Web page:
All the major leg muscle groups (glutes, quads, hams, calves) are strengthened during cycling, providing that the correct technique is used - push down and pull up - this is often overlooked and means that you are underworking your quads/glutes (especially if you don't have cycle shoes).  Anyway, I could go on, but I won't (I coach triathlon,  so I understand the benefits of using cycling to improve your running and vice versa, but this session could be quite intimidating for runners who don't cycle much)!  


Posted: 01/09/2008 at 08:46

I wouldn't say pulling up on the pedal is correct technique - the only study I've read suggests all the pros do is take the weight off the pedal rather than actively pull up - in other words lift their foot up.   
Posted: 01/09/2008 at 10:35

I see what you mean, but what you are actually aiming for is an even force through the whole pedal motion.  Difficult to explain, but easier to demonstrate if you are cycling while linked up to a Computrainer, which shows your pedalling efficiency and power output. 

For instance, a program called Spinscan can show you exactly how much power is exerted during the pushing down phase and the upward return.  If you just lift your foot, you are not  enabling much power unless  you were already pedalling correctly, with the heel pushed slightly down to begin with (with reference to your comment, pros will cycle with their heels already pushed down and so will automatically be pulling their heel up on the return).   Many inexperienced cyclists will cycle with the soles of their feet only in a horizontal position when pushing down and even possibly flexed slightly upwards if wearing trainers, which are not as rigid as cycle shoes.   Their scan would  be 'peanut' shaped,  because all the effort (and power) is coming from the downward push.  Once the pedalling motion,  and power, is more evenly distributed, then a circular shape is shown. 

The main point here though, is that if cycling is to be used in the context of improving your running, then all the major leg groups need to be worked effectively with not all the emphasis on the push phase which works mainly the front of the leg and not the back. 


Posted: 02/09/2008 at 17:46

Spinscan schminscan... Did Merckx have such technology ?

Just ride the bike and it will come. I see theres no mention of cadence though ? Most beginners overgear and push bigger gears at 60rpm - I'd ask them to work on cadence before trying to baffle them with getting the right technique.

I seem to remember the comic analysing 4 pros styles, and they were all different - so I dont really think it makes too much difference anyway.

I'm not convinced that after 4 weeks a novice could do a hard group ride though ? We need a guinea pig to test this out ! Any volunteers ?
Posted: 02/09/2008 at 17:55

Yes - I agree re. cadence....I mentioned it in my first post.  Low gears and at least 90rpm if poss. (try to match the pedal cadence to run/leg turnover - count how many footstrikes per minute if you don't already know) or dead legs will follow....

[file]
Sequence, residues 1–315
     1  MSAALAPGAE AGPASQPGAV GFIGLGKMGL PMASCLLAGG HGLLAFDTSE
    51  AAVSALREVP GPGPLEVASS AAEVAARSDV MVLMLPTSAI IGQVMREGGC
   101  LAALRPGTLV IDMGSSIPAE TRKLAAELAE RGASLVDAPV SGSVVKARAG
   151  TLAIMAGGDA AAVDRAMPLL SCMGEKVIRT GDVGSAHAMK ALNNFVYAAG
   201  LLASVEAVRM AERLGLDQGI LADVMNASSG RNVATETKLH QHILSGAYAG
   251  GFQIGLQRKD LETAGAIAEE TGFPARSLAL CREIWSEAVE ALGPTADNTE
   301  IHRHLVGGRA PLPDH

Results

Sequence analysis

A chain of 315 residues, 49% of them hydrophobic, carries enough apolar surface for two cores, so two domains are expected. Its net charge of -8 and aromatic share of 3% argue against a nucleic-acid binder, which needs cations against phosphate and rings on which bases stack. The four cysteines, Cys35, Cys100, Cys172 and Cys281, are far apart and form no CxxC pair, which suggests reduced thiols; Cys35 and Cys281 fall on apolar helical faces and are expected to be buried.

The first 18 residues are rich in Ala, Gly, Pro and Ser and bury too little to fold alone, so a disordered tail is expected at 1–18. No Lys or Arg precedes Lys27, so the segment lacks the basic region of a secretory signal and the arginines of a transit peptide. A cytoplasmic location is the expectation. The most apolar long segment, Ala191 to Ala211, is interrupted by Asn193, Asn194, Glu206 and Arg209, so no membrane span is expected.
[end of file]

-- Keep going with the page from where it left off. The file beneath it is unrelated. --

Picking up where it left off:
Generally though, even experienced cyclists might find this program hard never mind novices! Re. guinea pig...are you offering as I haven't got the time to fit this all in and a couple of runs as well!


Posted: 02/09/2008 at 18:04

Yeah go on Cougs,  they need a real novice to check this out   
Posted: 02/09/2008 at 18:07

Hmmm - if I rest up much more - I may count as a reborn novice !
Posted: 02/09/2008 at 18:19

This really looks to be more than you average runner could include in a week of mixed training.  i have been cycling much more seriously since FLM2008 and trying to rest a heel niggle (Plantar Fasciitis) that I nursed through the marathon.  Even being a full time cyclist (with 1-2 swims per week) I don't think I can keep up with this schedule.  Compared to running, the Short/Medm/Long sessions are double the time you would run for the equivalent effort.  My cycling is based on one long group session (with others from my run club luckily), one or two shorter harder efforts, and one medium ride each week.  I try to keep my cadence up to 90 (even bought a Cateye bike computer to show me the accurate value) but find this rather hard and the pedalling technique is variable.  I become aware of just pushing down, start to improve it and then fade back - all within 10-15 minutes.  I can't believe your average runner can do all this in 4 weeks.  I'm still at it after 5 months and need more improvement to hold my own in the bike section of the 4 triathlons I have entered.   
Posted: 22/09/2008 at 13:38

hi sharon taylor 3, I'm wanting to take up triathlon next year, my swimming has improved and my running is ok, just a bike question really, by low gear do you mean a gear when your legs are going round fast?? I cycle every day but just to work so its a plod. I'm going to start a bike workout where I run striaght away after. any advice would be appreciated. thankyou.
Posted: 22/09/2008 at 14:05

Yes low gear in an easy gear - legs spin fast, good for hill climbing.
Posted: 22/09/2008 at 14:51

cool thanks for that.
Posted: 23/09/2008 at 13:04

We'd love you to add a comment! Please login or take half a minute to register as a free member

Smart Coach
Free, fully-personalized training plans, designed to suit your racing goals and your lifestyle.